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Cody: The Manifest Destiny of Professional Wrestling

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Cody Garrett Runnels is a prime example of what is both wrong and right with professional wrestling, and proof that potential is often missed in favour of focusing on tried and tested gimmicks and money making superstars. Vince McMahon’s WWE is going through a rough time in terms of its main roster, the main reason being actual talent is squandered in favour of retreading old ground, turning genuine talent into jobbing for others, and making a mockery of wreslters that have done great work in other promotions only to come to WWE and sink into the mire of the bottom rung of “sports entertainment.”

The WWE never respected Cody, and right until the end he was constantly knocked back in one way or another. In his debut, Randy Orton slapped his father in a backstage segment, and it was the perfect metaphor for how Vince seemed to view the Rhodes legacy. He lost a lot of matches in the beginning, both to Orton and to Hardcore Holly, but as time went on, Cody reinvented himself as part of The Legacy (with Orton and Ted Dibiase Jr), the Narcissist, and as a member of Team Rhodes Scholars (with Damien Sandow). He won the Intercontinental Championship by defeating Ezekiel Jackson in 2011, and the Tag Team Championship with his half-brother Goldust in 2013, but despite the gold, he never reached the potential he was capable of, and following all of this, Cody entered the lowest point of his career.

His run with Goldust could’ve been so much better, but the two weren’t used properly. When they beat Seth Rollins and Roman Reigns to win the titles, it looked as though Cody’s luck was changing, but after losing to The New Age Outlaws which lost them the titles, they suffered back to back losses, leading Cody down the final path of his WWE career, and turning into Stardust.

Sigh.

Stardust was a variation of his half-brother Dustin’s character, but it always seemed forced, despite Cody’s athleticism in the ring. He feuded with Goldust, but that Wrestlemania dream match never happened. Instead, once their feud was over, Stardust joined forces with The Ascension and suffered various losses. Defeat kept following Cody in singles competition, losing to Apollo Crews and Titus O’ Neil multiple times, and finally losing to Zack Ryder on Superstars of all shows.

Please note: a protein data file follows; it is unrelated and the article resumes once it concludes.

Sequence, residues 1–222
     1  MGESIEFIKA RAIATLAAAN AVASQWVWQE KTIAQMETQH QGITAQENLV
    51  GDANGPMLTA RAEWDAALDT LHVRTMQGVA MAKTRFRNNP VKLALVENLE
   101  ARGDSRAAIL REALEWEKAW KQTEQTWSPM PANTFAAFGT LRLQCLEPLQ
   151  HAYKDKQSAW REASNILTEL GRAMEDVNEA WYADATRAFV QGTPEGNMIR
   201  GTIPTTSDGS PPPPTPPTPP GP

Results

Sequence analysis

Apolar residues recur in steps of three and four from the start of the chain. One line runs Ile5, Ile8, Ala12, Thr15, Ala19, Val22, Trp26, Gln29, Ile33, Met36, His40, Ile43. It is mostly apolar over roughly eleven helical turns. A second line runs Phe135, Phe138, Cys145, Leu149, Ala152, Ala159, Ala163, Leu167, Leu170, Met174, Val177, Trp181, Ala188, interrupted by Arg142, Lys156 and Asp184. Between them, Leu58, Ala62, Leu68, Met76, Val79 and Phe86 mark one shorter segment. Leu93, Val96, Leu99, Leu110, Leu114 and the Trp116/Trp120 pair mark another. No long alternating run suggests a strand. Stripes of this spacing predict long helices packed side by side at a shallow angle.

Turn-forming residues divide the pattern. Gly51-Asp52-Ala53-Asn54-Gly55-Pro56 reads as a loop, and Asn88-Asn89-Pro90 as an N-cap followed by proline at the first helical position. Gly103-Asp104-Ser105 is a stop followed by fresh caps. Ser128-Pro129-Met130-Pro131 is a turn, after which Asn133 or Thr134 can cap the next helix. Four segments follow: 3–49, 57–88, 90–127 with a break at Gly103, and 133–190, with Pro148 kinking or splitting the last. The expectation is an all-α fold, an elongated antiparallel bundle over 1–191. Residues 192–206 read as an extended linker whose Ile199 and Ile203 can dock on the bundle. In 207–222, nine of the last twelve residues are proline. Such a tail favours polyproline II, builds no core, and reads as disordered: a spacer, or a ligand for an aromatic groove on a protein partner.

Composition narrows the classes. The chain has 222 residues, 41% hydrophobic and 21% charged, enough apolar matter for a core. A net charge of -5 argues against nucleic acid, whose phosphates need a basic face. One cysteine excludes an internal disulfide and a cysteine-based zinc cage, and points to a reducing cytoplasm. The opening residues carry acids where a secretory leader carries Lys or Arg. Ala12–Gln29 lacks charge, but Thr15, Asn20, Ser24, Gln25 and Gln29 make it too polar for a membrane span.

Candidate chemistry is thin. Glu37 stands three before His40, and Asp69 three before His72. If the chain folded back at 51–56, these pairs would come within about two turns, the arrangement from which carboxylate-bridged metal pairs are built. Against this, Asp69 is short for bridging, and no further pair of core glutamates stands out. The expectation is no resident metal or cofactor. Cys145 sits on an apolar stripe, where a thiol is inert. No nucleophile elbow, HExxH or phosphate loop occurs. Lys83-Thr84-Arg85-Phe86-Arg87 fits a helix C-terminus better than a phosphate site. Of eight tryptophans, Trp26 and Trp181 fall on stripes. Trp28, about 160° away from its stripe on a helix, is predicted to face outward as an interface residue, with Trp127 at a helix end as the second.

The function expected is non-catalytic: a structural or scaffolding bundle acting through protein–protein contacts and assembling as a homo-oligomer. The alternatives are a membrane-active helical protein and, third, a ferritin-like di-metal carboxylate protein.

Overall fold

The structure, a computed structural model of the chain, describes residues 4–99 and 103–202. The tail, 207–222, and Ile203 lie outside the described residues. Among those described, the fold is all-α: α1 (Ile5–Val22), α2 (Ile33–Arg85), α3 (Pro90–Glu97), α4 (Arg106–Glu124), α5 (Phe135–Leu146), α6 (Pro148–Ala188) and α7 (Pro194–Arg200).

It was horrible to watch. Cody Rhodes could’ve been the face of WWE. He had the creativity and the ability, but he became a joke – an afterthought to the likes of John Cena and Roman Reigns. We’ll never know why Cody was so mistreated on TV, but it was a joke. Enough was enough for Cody, and he finally cut his ties with World Wrestling Entertainment. In a statement on Twitter, Cody detailed in-depth just why he wanted out. I’ll let you read the below, but it’s a direct insight into Cody Garret Runnels’ mind after constant humilation. It shows you the passion and heart of someone who wants to make the most of his wrestling career despite being stalled at every turn. But most of all it marks the end of creative control in a company that never seems to know exactly how good they have it until it’s gone.

I don’t want to bash WWE here, but we’ve seen it before. We’ve seen superstars become jobbers and we’re seeing it now (*cough* Finn Balor). They’ve given us so many joyous memories, but they can destroy careers just as easily as they can make them. This realisation by Cody marked the start of his rise to superstar status, not held back by the boundaries of such a strict company. Since leaving he has thrived on every opportunity he has been given regardless of which promotion he has worked for.

He’s had relative success in TNA Impact and NJPW, but most of all he has become the face of Ring of Honor. He goes by the name Cody, and it seems like the most basic form of his character, his personality, and a distinct departure from anything he has ever done before. Cody has already been the ROH World Champion, defeating Christopher Daniels at Best in the World 2017, and even now, despite not owning a belt, he is easily one of the best wrestlers on the promotion. At the weekend he’ll be facing Kenny Omega in the G1 Specials, and it could quite easily be the biggest match of his career. It’s the personification of success – of self-growth and confidence outside the shackles of corporate control – and it’ll be a slobberknocker. Not only will it see the fate of the Bullet Club’s leadership, but it’ll be about two faces of two incredible wrestling brands going one on one in a potential match of the year.

Despite his actual in-ring performances since leaving the WWE, he’s become the face of All In, a wrestling show put on independently in response to David Meltzer’s claim that no indie wrestling organisation can sell 10,000 tickets. Cody took this as a challenge, and with the help of The Young Bucks they managed to sell out in 30 minutes. It’ll be a union of wrestlers from various promotions such as ROH, NJPW and more, and it’ll be awesome. Cody has become bigger than he could ever have imagined, and has done so on his own.

The American Nightmare is real. It is here to stay and it is exciting. Whatever happens next for Cody it is sure to be exciting, and it is his own path that he’ll be forging. Before joining ROH it was tough for Cody, losing his father Dusty Rhodes, and being jobbed to death by Vince and the WWE, but now he is an icon, a talented and respected individual, and the manifest destiny of professional wrestling.

Chris White loves to write, and is a huge fan of wrestling of all kinds. He supports the Boston Celtics, listens to hip hop, and wishes Ric Flair was his granddad. He's a pretty cool guy, just ask his mum.

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